Geoff Russ: Vaping regulations aim to protect tobacco tax revenue

Federal and provincial governments love their tobacco revenue and will fight to protect it, even if it means higher smoking rates and more deaths.

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It’s National Non-Smoking Week in Canada, which falls on the third week of January and is dedicated to raising awareness about the dangers of cigarettes. January 2022 is also the month when Health Canada hoped to implement a ban on flavored vaping products – a proposal that will discourage smokers from switching to less harmful products. But maybe that’s exactly the point.

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No one should be surprised that money and taxes have played a huge role in shaping the public health crusade to end smoking in Canada. The anti-tobacco crusade once aimed to reduce cancer rates, make restaurants smellier and clear halls of emphysema. The nicotine wasn’t the bad guy, the carcinogens were.

In order to achieve these goals, governments have begun to levy increasingly punitive taxes on nicotine addicts in the name of deterrence. And they ended up becoming addicted to that income.

It is no coincidence that federal and provincial tobacco tax revenues have remained mostly static over the past decade while the percentage of Canadian smokers has declined significantly as higher taxes have made up for the shortfalls. to be won caused by people who quit smoking. Total provincial and federal tobacco tax revenue in Canada was about $7.5 billion last year, more than double what the federal carbon tax generated in 2020.

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Tax grabs are rarely taken without moral smoothing, so authorities have shifted the goals of the anti-tobacco crusade to include vaping because they want a slice of the pie. Carcinogens, produced by the combustion of tobacco products and absent from vaping liquids, are no longer the target; it is now nicotine, a substance closer to caffeine than anything else.

Vaping carries a tiny risk of lung damage, but nothing compared to over 20% of smokers developing cancer. Nevertheless, the provincial and federal governments of Canada are doing their best to convince everyone that vaping is a perilous vice that should be restricted, but not banned and made non-taxable.

“Vapor-flavored products like strawberries and ice cream give young people the false impression that vaping is harmless when it’s just as addictive as smoking,” said Saskatchewan Health Minister Paul Merriman, last April. His comments reveal that habit, not health effects, is the new rationale for raising taxes.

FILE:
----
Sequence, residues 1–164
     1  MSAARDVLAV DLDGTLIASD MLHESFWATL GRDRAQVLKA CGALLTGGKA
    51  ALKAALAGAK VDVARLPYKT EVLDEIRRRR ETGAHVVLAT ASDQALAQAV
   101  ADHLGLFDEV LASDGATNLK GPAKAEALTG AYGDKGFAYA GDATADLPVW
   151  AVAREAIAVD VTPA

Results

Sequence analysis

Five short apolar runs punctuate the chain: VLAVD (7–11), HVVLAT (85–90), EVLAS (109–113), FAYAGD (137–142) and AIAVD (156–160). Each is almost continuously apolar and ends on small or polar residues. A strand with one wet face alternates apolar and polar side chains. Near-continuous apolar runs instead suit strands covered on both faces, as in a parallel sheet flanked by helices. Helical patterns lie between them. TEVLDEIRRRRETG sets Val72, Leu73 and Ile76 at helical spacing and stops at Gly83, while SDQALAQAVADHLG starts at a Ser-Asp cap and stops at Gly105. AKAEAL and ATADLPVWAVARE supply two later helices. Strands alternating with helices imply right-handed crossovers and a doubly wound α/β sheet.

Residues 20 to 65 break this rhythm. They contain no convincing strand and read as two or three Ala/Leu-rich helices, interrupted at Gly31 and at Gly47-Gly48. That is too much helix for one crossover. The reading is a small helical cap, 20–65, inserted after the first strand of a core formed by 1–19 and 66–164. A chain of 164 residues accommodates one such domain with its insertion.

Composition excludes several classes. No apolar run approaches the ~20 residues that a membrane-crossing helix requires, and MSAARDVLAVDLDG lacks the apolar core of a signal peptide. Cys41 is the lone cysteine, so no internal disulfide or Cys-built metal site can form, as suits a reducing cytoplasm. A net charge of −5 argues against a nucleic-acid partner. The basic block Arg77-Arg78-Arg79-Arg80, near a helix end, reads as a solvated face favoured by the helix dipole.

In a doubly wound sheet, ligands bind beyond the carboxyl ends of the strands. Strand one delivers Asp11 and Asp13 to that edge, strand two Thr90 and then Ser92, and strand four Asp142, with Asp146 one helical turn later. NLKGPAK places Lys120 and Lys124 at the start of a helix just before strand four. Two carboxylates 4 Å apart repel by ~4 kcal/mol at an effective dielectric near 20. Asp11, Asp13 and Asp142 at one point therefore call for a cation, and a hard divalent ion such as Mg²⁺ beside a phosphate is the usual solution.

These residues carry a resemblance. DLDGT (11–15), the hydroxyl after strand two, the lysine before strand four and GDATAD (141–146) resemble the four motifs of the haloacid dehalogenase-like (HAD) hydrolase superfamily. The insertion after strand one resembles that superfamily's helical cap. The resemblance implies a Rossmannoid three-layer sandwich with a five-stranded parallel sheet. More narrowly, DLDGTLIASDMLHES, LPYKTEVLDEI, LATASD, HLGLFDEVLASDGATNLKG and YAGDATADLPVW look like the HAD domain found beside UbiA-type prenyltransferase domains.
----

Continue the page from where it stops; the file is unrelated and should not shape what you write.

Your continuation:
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Smokers turning to vaping have reduced provincial tobacco tax revenues in recent years. British Columbia therefore increased taxes on vaping products in 2020, while Saskatchewan increased its tax on vaping products from 6% to 20% the following year. Both provinces tried to justify the tax hikes with dissuasive language.

Last summer, Health Canada recommended a complete federal ban on all flavored vaping products except mint, menthol and tobacco – an idea imported from the United States, which has begun to crack down on flavored vaping products in 2020.

The US flavor ban has worked, as teenage vape use has declined. But a side effect was that the number of American cigarette smokers rose for the first time in 20 years. Those in Canada calling for new restrictions on vaping are fully aware that their recommendations will increase tobacco sales and cancer rates.

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“The total loss of profit for the vaping industry that also manufactures tobacco products can be mitigated by substituting tobacco purchases for two users who would start smoking again,” reads Health Canada’s 2021 report on tobacco products. potential effects of a flavor ban. “They would choose to buy more cigarettes, thereby making up for lost sales of tobacco or mint/menthol flavored vaping products.”

This statement alone shows how irresponsible the proposed regulations are.

Vapes allow all the benefits of nicotine, without the significant risk of cancer and other diseases that come with smoking.

Although some research has found cancer-causing chemicals in some vaping products, they have not been shown to cause cancer. As Cancer Research UK puts it bluntly on its website, “there is no strong evidence that vaping causes cancer”.

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For its part, nicotine, although highly addictive, has positive benefits. Medical experts reluctantly admit that it improves your mood and concentration, and anyone who’s tried it can confirm that’s the truth.

The switch from cigarettes to vapes has allowed millions of people to avoid inhaling deadly carcinogens. So why are Canadian governments so keen on punishing vapers and the vaping industry with new taxes and regulations?

Probably because vapes are the biggest threat to tobacco tax revenue. Nicotine use will never be eradicated and the public health crusade devoted to it will never succeed, in part because Ottawa and the provinces don’t want it because it makes them money.

The vaping industry has also become very valuable. People made a fortune out of it, which means the taxman wants a cut. Federal and provincial governments love their revenue from tobacco and will fight to protect it, even if it means high smoking rates and more deaths.

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  1. E-cigarettes have become a booming industry, worth nearly $2 billion in the United States alone, a market that some analysts believe will eventually overtake that of traditional cigarettes.

    Here’s another sick government attack on the life-saving e-cigarette

  2. A man who vapes

    Mark Bonokoski: Health Canada denounces a counter-intuitive vaping policy

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